After entering a judgment in favor of a Social Security claimant who was represented by counsel, a court "may determine and allow as part of its judgment a reasonable fee for such representation, not in excess of twenty-five percent of the total of the past-due benefits to which the claimant is entitled by reason of such judgment." 42 U.S.C. § 406(b)(1)(A). However, a "twenty-five percent contingent-fee award is not automatic or even presumed; the statute does not create any presumption in favor of the agreed upon amount.'" Dunnigan v. Astrue, Civil No. 07-1645-AC, 2009 WL 6067058, *7 (D. Or. Dec. 23, 2009) (quoting Gisbrecht, 535 U.S. at 807 n.17, adopted by, 2010 WL 1029809 (March 17, 2010)). A section 406(b) fee award is paid from claimant's retroactive benefits, and an attorney receiving such an award may not seek any other compensation from the claimant. Id. Accordingly, when a court approves both an EAJA fee and a section 406(b) fee payment, the claimant's attorney must refund to the claimant the amount of the smaller of the two payments. Gisbrecht, 535 U.S. at 796.

I. Fee Agreement

Under the Supreme Court's decision in Gisbrecht, the court first examines the contingent fee agreement to determine whether it is within the statutory twenty-five percent cap. Brown and Schneider executed a contingent-fee agreement, providing that if Schneider obtained payment of past-due benefits, Brown would pay him twenty-five percent of the past-due benefits awarded. See Motion for Attorney Fees (#22), Attachment 2. The terms of this agreement are thus within the statute's limits.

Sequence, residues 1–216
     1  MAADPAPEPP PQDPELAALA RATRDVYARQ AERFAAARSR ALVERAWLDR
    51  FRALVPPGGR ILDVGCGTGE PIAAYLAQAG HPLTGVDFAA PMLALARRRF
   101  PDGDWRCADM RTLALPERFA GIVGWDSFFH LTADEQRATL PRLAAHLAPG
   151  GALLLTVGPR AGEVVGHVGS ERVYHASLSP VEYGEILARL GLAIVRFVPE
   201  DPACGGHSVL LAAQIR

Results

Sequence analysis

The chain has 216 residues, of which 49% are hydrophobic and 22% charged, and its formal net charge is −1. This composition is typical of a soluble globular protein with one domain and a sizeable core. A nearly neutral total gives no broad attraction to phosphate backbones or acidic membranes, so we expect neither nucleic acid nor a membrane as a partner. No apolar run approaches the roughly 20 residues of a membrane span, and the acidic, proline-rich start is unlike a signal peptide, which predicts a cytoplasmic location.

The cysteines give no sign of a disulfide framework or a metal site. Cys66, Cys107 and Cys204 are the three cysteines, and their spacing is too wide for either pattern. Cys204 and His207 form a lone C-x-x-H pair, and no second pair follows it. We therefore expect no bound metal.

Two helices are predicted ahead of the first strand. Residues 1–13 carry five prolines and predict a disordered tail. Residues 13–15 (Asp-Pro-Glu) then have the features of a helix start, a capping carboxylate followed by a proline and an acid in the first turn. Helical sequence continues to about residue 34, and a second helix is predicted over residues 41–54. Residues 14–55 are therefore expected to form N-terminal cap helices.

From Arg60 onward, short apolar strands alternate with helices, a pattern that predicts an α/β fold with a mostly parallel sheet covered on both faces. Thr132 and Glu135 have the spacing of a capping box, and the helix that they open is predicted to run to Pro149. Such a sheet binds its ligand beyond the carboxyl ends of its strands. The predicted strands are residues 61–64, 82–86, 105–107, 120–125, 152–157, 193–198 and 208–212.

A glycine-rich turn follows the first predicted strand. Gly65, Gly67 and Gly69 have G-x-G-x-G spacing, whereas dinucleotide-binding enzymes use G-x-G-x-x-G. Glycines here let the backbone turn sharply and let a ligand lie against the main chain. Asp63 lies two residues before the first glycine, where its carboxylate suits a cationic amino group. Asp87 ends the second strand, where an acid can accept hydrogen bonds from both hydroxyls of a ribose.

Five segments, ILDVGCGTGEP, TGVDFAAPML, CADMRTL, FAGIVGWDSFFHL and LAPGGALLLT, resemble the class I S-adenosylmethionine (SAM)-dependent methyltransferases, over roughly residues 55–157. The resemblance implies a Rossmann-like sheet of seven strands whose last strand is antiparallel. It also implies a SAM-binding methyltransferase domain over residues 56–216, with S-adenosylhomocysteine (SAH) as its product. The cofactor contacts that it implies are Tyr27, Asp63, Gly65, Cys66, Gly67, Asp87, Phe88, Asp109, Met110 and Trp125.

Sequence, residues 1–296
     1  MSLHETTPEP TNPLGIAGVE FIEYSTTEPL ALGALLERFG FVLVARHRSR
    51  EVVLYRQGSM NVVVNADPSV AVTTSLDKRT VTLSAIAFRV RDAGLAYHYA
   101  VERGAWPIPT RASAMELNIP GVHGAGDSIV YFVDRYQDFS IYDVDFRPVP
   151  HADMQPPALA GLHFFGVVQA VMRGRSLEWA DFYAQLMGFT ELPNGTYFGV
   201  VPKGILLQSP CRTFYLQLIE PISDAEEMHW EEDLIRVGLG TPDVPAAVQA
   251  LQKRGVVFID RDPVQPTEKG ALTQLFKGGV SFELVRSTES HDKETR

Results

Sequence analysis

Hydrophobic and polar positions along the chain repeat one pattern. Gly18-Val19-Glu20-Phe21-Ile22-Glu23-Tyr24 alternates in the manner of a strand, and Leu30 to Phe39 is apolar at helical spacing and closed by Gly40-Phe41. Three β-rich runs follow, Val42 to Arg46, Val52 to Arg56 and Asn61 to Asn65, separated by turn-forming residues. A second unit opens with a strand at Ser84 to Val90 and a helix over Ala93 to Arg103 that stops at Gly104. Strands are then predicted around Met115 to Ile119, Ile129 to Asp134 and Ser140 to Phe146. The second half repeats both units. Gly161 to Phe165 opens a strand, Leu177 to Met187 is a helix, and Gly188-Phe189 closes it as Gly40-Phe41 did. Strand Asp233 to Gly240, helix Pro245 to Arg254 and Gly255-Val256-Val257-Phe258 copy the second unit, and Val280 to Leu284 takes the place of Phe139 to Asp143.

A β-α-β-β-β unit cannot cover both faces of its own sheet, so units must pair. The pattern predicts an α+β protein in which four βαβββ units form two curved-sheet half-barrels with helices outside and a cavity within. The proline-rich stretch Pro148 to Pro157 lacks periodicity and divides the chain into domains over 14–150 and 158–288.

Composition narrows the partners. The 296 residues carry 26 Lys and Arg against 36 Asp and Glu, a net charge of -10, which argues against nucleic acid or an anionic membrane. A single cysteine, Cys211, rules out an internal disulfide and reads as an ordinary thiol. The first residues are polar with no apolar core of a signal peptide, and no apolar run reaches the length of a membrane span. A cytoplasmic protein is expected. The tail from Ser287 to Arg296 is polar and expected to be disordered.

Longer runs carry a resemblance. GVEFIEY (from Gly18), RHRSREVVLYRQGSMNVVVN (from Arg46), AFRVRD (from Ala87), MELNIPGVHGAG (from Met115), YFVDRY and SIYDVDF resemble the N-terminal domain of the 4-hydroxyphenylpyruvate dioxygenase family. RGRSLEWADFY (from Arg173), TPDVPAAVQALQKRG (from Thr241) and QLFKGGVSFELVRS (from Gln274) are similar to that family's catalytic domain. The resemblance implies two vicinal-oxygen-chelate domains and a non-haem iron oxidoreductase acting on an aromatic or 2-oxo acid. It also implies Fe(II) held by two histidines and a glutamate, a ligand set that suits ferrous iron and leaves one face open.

The next step is to confirm that the fee requested by counsel does not exceed the statute's twenty-five percent ceiling. This determination requires evidence of the retroactive benefits to be paid to the claimant. Schneider has included a document from the Society Security Administration entitled "Notice of Award, " which details the retroactive benefits due Brown and states that it has withheld $31, 360.50, which amounts to "25 percent of past due benefits in order to pay the approved lawyer's fee." (Motion for Attorney Fees (#22), Attachment 3 at 4.) Schneider currently seeks $16, 000 in fees under section 406(b). Thus, the requested award is within the statutory limit. After determining that the fee agreement and the amount requested are in accordance with the statutory limits, this court next turns to "its primary inquiry, the reasonableness of the fee sought." Dunnigan, 2009 WL 6067058, at *10.

II. Reasonableness Factors

An order for an award of benefits should not be viewed in isolation, nor can it be presumed always to require a fee award of twenty-five percent of a claimant's retroactive benefits award. Dunnigan, 2009 WL 6067058, at *12. If obtaining benefits always supported awarding fees for the maximum amount provided for by statue, the other Gisbrecht factors and the trial courts' assigned task of "making reasonableness determinations in a wide variety of contexts'" would be unnecessary. Id. (quoting Gisbrecht, 535 U.S. at 808). Here, Schneider seeks 17 percent of the past due benefits, less than the statutory cap of 25 percent.

Counsel bears the burden to establish the reasonableness of the requested fee. Gisbrecht, 535 U.S. at 807. While the court must acknowledge the "primacy of lawful attorney-client fee agreements, " contingent fee agreements that fail to "yield reasonable results in particular cases" may be rejected. Id. at 793, 807. The court must ensure a disabled claimant is protected from surrendering retroactive disability benefits in a disproportionate payment to counsel. Crawford v. Astrue, 586 F.3d 1142, 1151 (9th Cir. 2009) ( en banc ) (citing Gisbrecht, 535 U.S. at 808). The four factors to be ...